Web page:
Sailing in Tierra del Fuego


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December 1st 2013
Published: December 1st 2013
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What an adventure!

I just came back from Southern Chile, as far south as I live north, where I had my first real sailing experience. And what an experience! The trip started in Punta Arenas, a mythical place for me as I had heard about it from explorers who were going to Antarctica. So I was pretty excited to land there and spend a couple of days in that city. JF and I arrived together, Pierre and Angus arrived the next day, after a hike in Torres del Paine. We explored the city together a little, and I kissed the foot of the famous statue of a Native in one of the parks. They say that if you kiss his foot, you will return to Punta Arenas. I didn't want to take any chance.

I was surprised by how expensive everything is in Chile, and how big the city of Punta Arenas is. Some subdivisions are very colorful, some very rich and some very poor. But they all have one thing in common: the wind blows constantly everywhere!

Of course, this can be a good thing when you go on a sailing trip. But as we say in
The kissThe kissThe kiss

So we would return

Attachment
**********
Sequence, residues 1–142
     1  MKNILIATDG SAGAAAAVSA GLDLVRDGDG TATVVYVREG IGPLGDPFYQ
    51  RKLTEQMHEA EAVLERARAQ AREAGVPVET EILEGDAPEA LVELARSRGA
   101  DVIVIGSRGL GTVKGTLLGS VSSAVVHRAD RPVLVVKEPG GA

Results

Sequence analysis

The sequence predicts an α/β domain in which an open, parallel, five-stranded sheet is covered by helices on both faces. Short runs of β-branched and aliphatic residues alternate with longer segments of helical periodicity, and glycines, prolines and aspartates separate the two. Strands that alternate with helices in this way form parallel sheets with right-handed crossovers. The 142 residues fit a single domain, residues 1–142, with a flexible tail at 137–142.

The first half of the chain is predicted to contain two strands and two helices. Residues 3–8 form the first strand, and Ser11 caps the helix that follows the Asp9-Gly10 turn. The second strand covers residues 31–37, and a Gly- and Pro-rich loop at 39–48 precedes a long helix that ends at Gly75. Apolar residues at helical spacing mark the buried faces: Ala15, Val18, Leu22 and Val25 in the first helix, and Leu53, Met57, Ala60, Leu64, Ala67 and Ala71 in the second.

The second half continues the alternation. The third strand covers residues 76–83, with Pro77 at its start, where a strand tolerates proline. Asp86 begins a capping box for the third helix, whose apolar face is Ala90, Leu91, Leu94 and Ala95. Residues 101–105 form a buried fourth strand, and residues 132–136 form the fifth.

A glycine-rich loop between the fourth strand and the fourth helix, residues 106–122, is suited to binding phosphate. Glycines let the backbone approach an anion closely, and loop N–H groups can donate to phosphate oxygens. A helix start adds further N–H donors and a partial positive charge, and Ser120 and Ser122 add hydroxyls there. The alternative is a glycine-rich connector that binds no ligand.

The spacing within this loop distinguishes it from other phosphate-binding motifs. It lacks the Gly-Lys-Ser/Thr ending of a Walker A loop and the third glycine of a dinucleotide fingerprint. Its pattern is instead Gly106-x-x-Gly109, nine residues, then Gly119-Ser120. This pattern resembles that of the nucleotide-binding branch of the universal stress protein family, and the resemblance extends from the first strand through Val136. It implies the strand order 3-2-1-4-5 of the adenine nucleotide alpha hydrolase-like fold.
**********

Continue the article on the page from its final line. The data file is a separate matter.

French: Too much is like not enough! They close the port when the winds are stronger than 25 knots. Luckily, by the time we were ready to go, the winds were strong but the port was open. So on November 4, once all the formalities were completed, we were able to leave. The trip was led by a crew of 3 wonderful and experiences sailors from France, and we were 8 clients onboard.

As soon as we left the dock, we hit some pretty good waves. The Straight of Magellan is BIG, impressive in fact, and although there is no swells, there is still lots of waves. Our stomachs had to adjust, and some had to learn quickly the vomiting protocol onboard. But it was a nice day, one of the few sunny days we had and most of us spent the whole day outside, excited to finally be sailing in this part of the world.

The next few days, we explored a long fjord, where we saw wonderful sceneries: mountains, glaciers, and some interesting wildlife: albatros, penguins, sea leopards and even dolphins that swam next to the boat for a long time. That was really exciting. We
Reflecting on the upcoming adventureReflecting on the upcoming adventureReflecting on the upcoming adventure

The morning of the departure
watched big chunks of ice falling from the glaciers into the ocean. We spent every night in sheltered coves and we even had a barbecue on shore once. The food and drinks were plentiful and delicious. We also went for short walks on an island and on shore where there used to be a sawmill. It was nice to walk a bit after a few days on the sailboat.